Biafra: IPOB Is Misguided Agents Of Disunity — Nwodo

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John Nnia Nwodo, President-General of Ohanaeze Ndigbo and former Minister for Information, has said that the Indigenous People of Biafra, IPOB, is misguided.

Nwodo stated this in an interview with journalists.

The former Minister said the pro-Biafra group look for cheap publicity to create the impression that there is disunity in Igboland, usually when their revenue is low.

Asked at what point he disagree with IPOB given that he is one of the Igbo leaders marked for attack by the group irrespective of the fact that he has supported the group for sometime.

Nwodo narrates:

“I think IPOB is misguided and what I feel is that sometimes when their revenue is low, they look for cheap publicity just to create the impression that there is disunity in Igboland. Nobody has defended IPOB in Igboland more than I have done and I am wondering whether some us deserve what we are getting from them.

“Only a few days ago, an ambassador sent me a film of the invasion of the Nigerian Embassy in Conakry and I am yet to understand why it was invaded. The people who invaded them are clearly Igbos and some of them, with Biafran flags and they were chanting in Igbo “Iwe n’ewe anyi” meaning we are angry. They didn’t even disguise the fact that these are Nigerians. They made it obvious that we are Igbos. Where is the Ambassador (ebea ka ono)? They torn the Nigerian flags; they went with Biafra flags, they broke air conditioners, they broke windows. For crying out loud, why would you fall into the Nigerians trap of saying you are a terrorist? People who do lawful demonstration, is that how they do it? I found it funny.

“These people who are doing these things if there is war today, will they be able to fight? I was a Biafran soldier at an impressionable age of 17. These boys cannot be more Biafran than I am. I worked under Col Onwuatuegwu of blessed memory. Who did they work under? I carried rifle to the battle front notwithstanding the privileged position of my father as a Minister.

“Those who live in privileged homes abroad and who are not facing the things we are facing here, it is possible to sit at arms chair in their comfort zone and with funds that were donated to them by Nigerians all over the places and make pontifical pronouncements. It is rather unfortunate. I am a two-time minister but still living in my father’s house. I have a bungalow in the village. So the same kind of people have masterminded all kinds of things. My house in the village was burnt. I get telephone threats everyday and I have absolved them in the past. But now, I am going to prosecute all those who are fingered in some of these things because this is not in our character.

“Tell me why Ekweremadu, in whose home the strategy for Nnamdi Kanu’s release was conceived, should be dealt with the way they did? The former governor of Abia State, Theodore Orji, was the one it fell on to take Nnamdi [Kanu] on bail but he was also on bail from a trumped-up charge by EFCC against him and you cannot take somebody on bail when you are on bail. Because of that, Ekweremadu suggested to Abaribe to take him on bail and Abaribe agreed and all of them supported Abaribe.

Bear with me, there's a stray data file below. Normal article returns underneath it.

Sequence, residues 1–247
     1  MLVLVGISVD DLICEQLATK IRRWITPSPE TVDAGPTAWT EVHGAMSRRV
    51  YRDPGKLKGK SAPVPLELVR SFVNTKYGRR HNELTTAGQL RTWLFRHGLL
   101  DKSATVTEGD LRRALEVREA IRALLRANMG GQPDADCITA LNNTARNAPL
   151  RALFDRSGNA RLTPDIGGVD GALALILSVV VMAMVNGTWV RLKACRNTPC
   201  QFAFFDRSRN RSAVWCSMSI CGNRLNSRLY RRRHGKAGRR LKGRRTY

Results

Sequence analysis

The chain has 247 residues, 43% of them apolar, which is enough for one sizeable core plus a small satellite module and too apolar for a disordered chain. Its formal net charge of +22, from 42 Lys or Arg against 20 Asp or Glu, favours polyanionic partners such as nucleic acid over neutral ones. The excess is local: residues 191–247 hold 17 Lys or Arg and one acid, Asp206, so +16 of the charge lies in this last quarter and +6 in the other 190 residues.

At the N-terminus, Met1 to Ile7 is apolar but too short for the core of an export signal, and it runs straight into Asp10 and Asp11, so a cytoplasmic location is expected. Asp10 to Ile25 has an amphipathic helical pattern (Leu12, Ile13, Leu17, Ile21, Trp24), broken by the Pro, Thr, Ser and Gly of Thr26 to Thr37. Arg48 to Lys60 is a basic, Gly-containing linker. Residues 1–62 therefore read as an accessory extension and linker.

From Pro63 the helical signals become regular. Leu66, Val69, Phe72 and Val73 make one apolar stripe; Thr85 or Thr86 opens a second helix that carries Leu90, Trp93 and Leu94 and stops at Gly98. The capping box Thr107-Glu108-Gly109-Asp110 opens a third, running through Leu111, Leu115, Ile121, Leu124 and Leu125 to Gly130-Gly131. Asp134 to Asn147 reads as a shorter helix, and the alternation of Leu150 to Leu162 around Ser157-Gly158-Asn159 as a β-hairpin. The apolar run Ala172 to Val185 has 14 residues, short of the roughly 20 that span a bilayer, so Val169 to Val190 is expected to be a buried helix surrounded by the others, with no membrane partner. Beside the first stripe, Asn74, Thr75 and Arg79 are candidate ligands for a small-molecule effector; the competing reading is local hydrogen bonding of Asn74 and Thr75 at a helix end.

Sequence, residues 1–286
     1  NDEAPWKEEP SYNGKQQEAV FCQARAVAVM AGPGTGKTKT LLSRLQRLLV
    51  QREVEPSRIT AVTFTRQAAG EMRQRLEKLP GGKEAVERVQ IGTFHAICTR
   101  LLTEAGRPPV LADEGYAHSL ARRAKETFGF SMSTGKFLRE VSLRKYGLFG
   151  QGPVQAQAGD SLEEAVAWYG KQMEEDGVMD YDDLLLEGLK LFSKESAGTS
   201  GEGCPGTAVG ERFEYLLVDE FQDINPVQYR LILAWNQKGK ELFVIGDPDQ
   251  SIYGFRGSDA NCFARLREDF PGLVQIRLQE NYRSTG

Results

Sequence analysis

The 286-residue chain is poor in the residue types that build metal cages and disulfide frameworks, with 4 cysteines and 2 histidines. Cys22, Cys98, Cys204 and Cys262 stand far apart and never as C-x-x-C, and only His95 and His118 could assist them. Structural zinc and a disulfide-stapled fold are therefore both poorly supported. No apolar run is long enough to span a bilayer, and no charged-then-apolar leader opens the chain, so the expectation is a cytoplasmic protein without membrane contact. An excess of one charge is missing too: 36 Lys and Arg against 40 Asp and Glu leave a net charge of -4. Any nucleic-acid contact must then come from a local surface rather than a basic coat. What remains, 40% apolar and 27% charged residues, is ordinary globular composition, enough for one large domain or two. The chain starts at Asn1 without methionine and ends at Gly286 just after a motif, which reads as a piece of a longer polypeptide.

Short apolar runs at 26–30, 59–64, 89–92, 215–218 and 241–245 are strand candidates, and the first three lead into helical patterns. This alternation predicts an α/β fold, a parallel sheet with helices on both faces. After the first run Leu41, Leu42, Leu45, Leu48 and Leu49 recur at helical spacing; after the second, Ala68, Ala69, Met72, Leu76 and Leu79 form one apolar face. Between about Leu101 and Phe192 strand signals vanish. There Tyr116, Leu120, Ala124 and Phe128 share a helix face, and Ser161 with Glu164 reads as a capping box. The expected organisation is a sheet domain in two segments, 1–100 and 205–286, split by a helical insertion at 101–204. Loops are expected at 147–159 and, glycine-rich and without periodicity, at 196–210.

“The former Minister of Aviation, Chidoka, volunteered his land as part of the surety. Neither Abaribe nor himself nor any of those who ensured Kanu’s release had been contacted by IPOB since their leader jumped bail and we here have been pleading with the federal government to forgo the charge. But what do we get in return? There is no Igbo man who has attacked the Buhari government more than I have. I am not trained to be insolent.

“In attacking Buhari’s government, I attack his policies and not his person. If he started having children early, he would have probably had a child my age because he is about 18 years older than I am. So why should I insult somebody who is as older as my father despite the fact that I don’t like his policies? They call Nigeria a zoo; they call people all kinds of name. That is not our point.

“Our point is that we are being marginalised in our country. We are being treated like a second-class citizen; the system we are operating on is repressive and it looks like there is a preconceived arrangement to hold the Igbo down after the civil war, because all our savings were turned to 20 pounds. We were given only five states while others have a minimum of six. We were given 95 local governments while others have over 100. Our demographic character has not been reflected because the census board does not say your ethnic group.

“When we were given quit notice in Northern Nigeria, and I took a census, I found out that there were over 11.6 million Igbos in the northern Nigeria. In the last election, there were over 3.6 million registered voters in Lagos State alone. My executive sent people to Ghana and we found out that there were one million Igbos living in Ghana.

“There are more Igbos living outside Igboland and clearly our population is sizeable. Now Fulanis are invading Nigeria, crossing our borders, registering as Nigerians in our national identity card scheme, overthrowing our immigration and international laws. This is bunkum and I say it every day. What do they want me to do? Take up arms and fight the federal government. No generation survives a war twice.”

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